As reported in this week's Off-Limits column, Colorado’s RapidScreen emissions project has scanned hundreds of thousands of metro-area tailpipes at some of the busiest off ramps and roadways since 2003. The goal of the program, which was outsourced to Envirotest Systems Corporation, is to increase the efficiency of emissions testing by rewarding cars – and their owners -- that pass the involuntary test twice within a ten-month span.
RapidScreen vans use infrared and ultraviolet beams to match each passing vehicle’s level of hazardous fumes to a photo of its license plate. Clean drivers are then notified by mail of the results and can avoid a trip to a testing facility as long as they register their car normally.
While boasting a 98 percent accuracy rate, officials with Air Care Colorado, as the program is called, were quick to allay fears of automotive invasiveness, pointing out that the results could be overturned during a normal screening and that drivers weren’t obligated to use RapidScreen. But with more than a dozen vans stationed along I-25, I-70, C-470 and elsewhere, Envirotest quickly amassed an enormous catalogue of emissions information, which it automatically shares with the state’s driver registration database.
The result? The "clean screen" program was recently joined by "dirty screen," its more aggressive twin brother.
"We don’t really promote the dirty screen program as it’s a pilot [program] and it just began a few months ago," says Envirotest spokeswoman Renee Allen. Even so, anyone who is flagged as a high polluter will get a letter from the State Department of Revenue and be required to have that vehicle tested and fixed in order to register it again. "And if you don’t comply, it’s a punitive program," she adds.
The point, Allen says, is to catch polluters earlier and, in some cases, to help them fix the problem. Drivers who comply are often eligible to receive repair funding, says Ken Lloyd, Executive Director of the Regional Air Quality Council (RAQC). Those who don’t face fines.
"We get a list of people who have failed the test and we offer to repair or retire their vehicle if it can’t be repaired," Lloyd says of the RAQC’s Repair Your Air program. "Right now we’ll pay up to $1,000. Most of the repairs are less than that, less than $500. If the car requires more than $1,000 to repair, then we would offer to buy it for $1,000 if the owner wanted to take advantage of that to get it off the road." The money comes from a federal grant that predates RapidScreen and will be available for most of the rest of this year.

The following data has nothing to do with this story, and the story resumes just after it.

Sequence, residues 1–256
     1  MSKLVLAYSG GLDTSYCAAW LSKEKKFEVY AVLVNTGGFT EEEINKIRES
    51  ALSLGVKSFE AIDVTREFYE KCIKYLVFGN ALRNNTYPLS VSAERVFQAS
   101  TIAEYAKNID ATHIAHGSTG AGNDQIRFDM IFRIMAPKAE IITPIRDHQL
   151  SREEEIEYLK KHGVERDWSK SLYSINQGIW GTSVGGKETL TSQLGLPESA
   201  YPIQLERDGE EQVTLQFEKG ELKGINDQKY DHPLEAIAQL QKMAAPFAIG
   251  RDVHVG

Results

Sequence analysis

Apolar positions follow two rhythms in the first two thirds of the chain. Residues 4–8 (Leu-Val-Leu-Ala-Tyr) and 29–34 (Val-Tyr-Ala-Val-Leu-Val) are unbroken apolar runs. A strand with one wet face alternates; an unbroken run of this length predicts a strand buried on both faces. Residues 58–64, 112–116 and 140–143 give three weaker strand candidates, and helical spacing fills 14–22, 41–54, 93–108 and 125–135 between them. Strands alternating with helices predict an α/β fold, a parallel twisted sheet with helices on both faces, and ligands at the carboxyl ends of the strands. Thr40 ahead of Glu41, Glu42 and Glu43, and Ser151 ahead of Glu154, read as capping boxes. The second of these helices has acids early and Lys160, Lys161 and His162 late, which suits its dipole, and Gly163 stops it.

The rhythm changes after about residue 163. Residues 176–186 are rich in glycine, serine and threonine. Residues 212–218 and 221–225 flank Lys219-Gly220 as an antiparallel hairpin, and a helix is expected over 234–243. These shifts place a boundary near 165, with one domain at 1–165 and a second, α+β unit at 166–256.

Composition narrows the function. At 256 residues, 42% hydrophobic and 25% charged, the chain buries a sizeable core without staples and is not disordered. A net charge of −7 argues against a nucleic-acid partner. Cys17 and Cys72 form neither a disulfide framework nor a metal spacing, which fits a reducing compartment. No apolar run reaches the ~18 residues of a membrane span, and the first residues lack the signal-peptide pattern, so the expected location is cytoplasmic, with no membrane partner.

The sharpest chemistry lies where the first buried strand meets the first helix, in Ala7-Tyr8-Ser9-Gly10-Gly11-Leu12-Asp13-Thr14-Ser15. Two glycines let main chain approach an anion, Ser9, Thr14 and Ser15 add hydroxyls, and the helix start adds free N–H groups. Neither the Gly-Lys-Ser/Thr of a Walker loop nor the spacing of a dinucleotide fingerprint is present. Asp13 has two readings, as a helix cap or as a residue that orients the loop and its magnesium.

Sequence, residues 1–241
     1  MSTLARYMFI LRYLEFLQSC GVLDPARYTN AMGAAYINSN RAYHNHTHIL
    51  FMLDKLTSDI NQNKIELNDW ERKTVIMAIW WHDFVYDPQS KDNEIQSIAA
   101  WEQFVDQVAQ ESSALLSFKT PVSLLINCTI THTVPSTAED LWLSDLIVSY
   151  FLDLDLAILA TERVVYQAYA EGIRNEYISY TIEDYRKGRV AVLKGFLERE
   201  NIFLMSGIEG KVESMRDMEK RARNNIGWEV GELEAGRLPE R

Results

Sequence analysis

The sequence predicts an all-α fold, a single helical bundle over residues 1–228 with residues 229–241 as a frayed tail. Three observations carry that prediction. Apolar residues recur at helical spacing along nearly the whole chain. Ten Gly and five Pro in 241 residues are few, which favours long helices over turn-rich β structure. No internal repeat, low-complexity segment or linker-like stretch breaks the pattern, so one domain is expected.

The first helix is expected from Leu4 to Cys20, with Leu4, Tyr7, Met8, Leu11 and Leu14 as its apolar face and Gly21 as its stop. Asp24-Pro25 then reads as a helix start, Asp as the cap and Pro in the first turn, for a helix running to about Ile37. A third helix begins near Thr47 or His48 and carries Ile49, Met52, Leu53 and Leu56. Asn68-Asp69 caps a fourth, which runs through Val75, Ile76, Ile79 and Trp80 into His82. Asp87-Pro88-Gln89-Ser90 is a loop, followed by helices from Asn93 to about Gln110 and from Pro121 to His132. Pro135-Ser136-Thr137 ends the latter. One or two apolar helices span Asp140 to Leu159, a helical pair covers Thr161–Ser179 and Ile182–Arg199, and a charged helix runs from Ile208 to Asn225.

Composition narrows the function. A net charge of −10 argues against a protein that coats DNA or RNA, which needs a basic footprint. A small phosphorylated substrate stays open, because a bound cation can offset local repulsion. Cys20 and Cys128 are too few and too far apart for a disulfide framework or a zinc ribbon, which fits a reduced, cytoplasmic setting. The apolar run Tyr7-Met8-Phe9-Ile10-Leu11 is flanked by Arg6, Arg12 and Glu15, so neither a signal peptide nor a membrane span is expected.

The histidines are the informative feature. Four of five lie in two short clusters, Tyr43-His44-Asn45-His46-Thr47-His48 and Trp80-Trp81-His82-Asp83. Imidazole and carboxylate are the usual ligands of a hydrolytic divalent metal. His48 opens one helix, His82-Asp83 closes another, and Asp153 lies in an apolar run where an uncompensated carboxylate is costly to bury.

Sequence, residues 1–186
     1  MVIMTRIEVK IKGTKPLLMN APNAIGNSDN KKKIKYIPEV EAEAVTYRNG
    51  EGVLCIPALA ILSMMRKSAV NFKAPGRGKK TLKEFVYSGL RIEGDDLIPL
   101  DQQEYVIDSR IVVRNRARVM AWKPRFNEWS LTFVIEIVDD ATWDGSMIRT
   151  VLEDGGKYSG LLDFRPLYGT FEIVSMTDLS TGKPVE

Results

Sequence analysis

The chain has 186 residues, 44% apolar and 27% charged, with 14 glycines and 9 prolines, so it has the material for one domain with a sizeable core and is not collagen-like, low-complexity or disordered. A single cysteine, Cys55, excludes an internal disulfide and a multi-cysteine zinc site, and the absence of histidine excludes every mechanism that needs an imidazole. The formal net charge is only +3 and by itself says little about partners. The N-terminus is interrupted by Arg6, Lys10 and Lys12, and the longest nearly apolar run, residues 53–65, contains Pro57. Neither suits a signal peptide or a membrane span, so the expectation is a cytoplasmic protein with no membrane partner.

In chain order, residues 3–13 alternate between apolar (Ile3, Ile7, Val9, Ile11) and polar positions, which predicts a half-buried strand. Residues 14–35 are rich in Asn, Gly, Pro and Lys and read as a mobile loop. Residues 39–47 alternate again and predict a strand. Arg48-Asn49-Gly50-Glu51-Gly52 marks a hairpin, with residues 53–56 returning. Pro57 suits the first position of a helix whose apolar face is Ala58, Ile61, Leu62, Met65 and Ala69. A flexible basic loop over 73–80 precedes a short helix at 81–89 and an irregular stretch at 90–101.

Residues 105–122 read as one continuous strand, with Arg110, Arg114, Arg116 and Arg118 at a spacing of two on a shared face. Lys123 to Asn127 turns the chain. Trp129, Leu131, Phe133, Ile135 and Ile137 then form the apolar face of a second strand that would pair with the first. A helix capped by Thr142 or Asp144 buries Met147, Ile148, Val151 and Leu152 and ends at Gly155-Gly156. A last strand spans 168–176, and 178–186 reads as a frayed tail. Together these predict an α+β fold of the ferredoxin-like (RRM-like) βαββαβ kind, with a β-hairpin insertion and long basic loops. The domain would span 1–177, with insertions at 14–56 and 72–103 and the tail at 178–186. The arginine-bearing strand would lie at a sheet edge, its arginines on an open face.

The Department of Revenue has sent letters to 146 auto owners. Of those, 58 drivers have had their registrations suspended and 16 are pending suspension.
Perhaps the most famous repairs conducted in the Repair Your Air program belong to Milo Struble, a mid-seventies retiree who, along with his 1989 Oldsmobile Cutlass, still elicits laughter from staff members at Envirotest and the RAQC. After Struble’s Cutlass tested well over the limit as he drove onto I-70 from Kipling, he received a notice in the mail offering him funds to fix his car. Struble felt that the notice was a fake, "free-money" scam, refused to believe that the RAQC was a government agency and called the staff to tell them that they were not reputable. After considerable discussions with the staff, Struble recanted his claims of pervasive scamming and became the first recipient of funds under the voluntary initiative.
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To date, the RAQC estimates that 25 owners have taken the $1,000 payout for cars too damaged to repair. Most of the worst polluters aren’t noticeably spewing out dark clouds on the highway, but "regular" looking cars that have sustained serious internal damage or wear, often resulting in safety concerns, adds Repair Your Air program manager Steve McCannon.
He recalls a particular test when a mother, whose children had been repeatedly getting sick on their drive to soccer practice, had her car flagged by a remote sensing unit. When she brought her car in for a confirmatory test, technicians found a massive evaporative gas leak that was sending raw fuel fumes into the car; it had the potential to make the children seriously ill.
The remote sensing measurement of evaporative emissions -- emissions that may not come from the tailpipe but otherwise surround the car and permeate the cabin -- is an "unanticipated benefit" of the screening process, says Christopher Dann, a spokesman for the Colorado Department of Public Health and Environment. And one that has caught the attention of federal researchers at the Environmental Protection Agency.
The emerging crackdown on dirty drivers comes after the state legislature allocated additional resources to expand the clean screen program in 2006. Supplemented in part by registration taxes collected from compliant drivers, the program now helps fund the move to catch dirty drivers. Though Envirotest publishes the locations of their vans, their placement makes them difficult for coughing tailpipes to avoid, and while the details of the high emitter program are itemized in a subsection of the state’s air pollution website, no mention is made of the dirty screen by Air Care Colorado. In answering the online question, "What happens if I don’t pass?", their website still notes, "Nothing. RapidScreen is NOT a program that penalizes drivers." – Joe Horton